With a list of literary works on modern museology and historiography and living in a non-English speaking country and not wanting to spend a fortune on buying books (ebooks) from Amazon, my best option seemed to be the University Library. In this blog post I will share my experiences – especially as I have a librarian degree hidden somewhere in the attic 🙂
But first, let me speak about more personal issue, a conference. I am a researcher of Hungarian motoring history for 21 years now. I would not say I am a professional, but I have written a couple of books, dozens of articles and I am now giving lectures on this topic. The latter, the university lecturing gig is about both international and Hungarian motoring history. When I created the content of my course, I found something very interesting: a motorised three-wheeler, built in 1888 by Edward Butler, an Englishman. His <a href=http://www.3wheelers.com/butler.html“”>Petrol-Cycle</a> included a spark plug and a spary carburetor. And this is when warning bells started to ring. There is a consensus in Hungary regarding the spray carburetor: it was first invented and patented by two Hungarian engineers, Janos Csonka and Donat Banki in 1893, but due to circumstances, their work is not acknowledged worldwide. However, the first patent by Butler was dated from 1887. I contacted the British Patent Office and obtained a set of copies of the original patent. Well, it looked eerily similar to the Csonka-Banki carburetor, but it was predating them by six years! I started to show the drawings around and though many thought me as a traitor, eventually I was invited to a conference, titled “Latest results in technology history research”, organised by the Hungarian Federation of Technical and Scientific Societies. It was held earlier this week and my presentation was quite sucessful – it seems I will be invited back for further conferences. Additionally, the long-held belief that Csonka-Banki invented the carburetor will slowly be dispersed.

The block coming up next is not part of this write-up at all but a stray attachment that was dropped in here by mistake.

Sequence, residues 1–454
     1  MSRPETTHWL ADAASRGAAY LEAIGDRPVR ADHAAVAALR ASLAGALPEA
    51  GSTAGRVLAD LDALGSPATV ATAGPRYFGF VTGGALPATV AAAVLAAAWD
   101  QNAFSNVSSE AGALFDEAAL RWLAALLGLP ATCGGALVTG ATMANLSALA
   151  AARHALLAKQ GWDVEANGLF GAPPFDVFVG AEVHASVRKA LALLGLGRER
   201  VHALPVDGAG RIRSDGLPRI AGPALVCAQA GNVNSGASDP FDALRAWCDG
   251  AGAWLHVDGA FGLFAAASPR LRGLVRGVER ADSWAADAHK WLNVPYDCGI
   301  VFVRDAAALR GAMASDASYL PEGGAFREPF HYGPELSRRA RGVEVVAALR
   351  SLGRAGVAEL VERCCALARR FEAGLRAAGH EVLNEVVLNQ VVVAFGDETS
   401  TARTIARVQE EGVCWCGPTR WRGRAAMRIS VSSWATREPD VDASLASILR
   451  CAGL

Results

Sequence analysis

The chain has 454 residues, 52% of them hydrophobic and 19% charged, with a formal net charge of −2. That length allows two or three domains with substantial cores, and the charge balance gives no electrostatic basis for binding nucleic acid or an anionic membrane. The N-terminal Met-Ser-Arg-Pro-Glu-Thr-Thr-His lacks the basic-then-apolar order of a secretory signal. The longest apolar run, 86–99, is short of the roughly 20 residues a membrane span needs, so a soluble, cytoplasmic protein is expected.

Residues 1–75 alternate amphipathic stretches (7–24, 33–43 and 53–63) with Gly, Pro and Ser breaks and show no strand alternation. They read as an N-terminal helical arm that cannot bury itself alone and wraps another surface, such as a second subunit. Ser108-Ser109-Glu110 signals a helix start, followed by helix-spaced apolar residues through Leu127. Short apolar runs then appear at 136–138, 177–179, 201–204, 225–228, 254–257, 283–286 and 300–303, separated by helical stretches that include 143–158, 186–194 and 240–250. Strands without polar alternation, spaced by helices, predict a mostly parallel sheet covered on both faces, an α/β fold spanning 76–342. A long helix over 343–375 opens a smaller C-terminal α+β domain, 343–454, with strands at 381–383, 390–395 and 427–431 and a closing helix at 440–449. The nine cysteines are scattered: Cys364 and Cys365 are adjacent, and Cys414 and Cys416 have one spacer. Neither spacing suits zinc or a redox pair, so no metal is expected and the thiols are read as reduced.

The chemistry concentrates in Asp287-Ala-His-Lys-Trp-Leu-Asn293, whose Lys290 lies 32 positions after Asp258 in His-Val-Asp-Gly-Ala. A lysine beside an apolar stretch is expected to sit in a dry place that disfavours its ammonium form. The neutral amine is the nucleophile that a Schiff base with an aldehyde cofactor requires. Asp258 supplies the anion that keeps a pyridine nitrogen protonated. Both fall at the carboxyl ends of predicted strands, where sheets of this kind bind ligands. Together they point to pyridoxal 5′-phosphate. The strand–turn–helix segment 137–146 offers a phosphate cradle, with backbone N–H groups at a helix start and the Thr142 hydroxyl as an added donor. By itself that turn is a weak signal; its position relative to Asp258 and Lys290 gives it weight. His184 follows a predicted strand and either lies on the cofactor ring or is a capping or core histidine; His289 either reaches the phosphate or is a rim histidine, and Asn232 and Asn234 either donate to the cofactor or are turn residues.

In the meantime I started collecting books from the University of Leicester. It is not a smooth sailing. First, you need a library number – which is not the same as your library card number. And you need a PIN. Okay, I found those and logged in. Then for some reasons, the system logged me out. Ultimately I was able to find some volumes. Some of them were in available in electronic format, others were not. As a distance learning student I prefer e-books, but I know that I can also lend a lot of paper-based books easily. Well, not quite so. So far none of the books are available for lending. Okay, then let’s see the e-books. I clicked on “electronic version” in the library catalogue and it took me to another site – where I needed to log in with my username and password (my library number and PIN is not good here) Eventually I managed to log in and started reading. I was happy and wanted to put the book on my e-shelf. You need to log in with your e-mail address and password (remember, this is the 3rd login attempt and this is the 3rd login variation). And this is where the system refuses me. I can’t bookmark any of the e-books. I have no clue why it refuses my attempts, but this is where I stand today. But at least I can enjoy the literary works, so who’s complaining :)?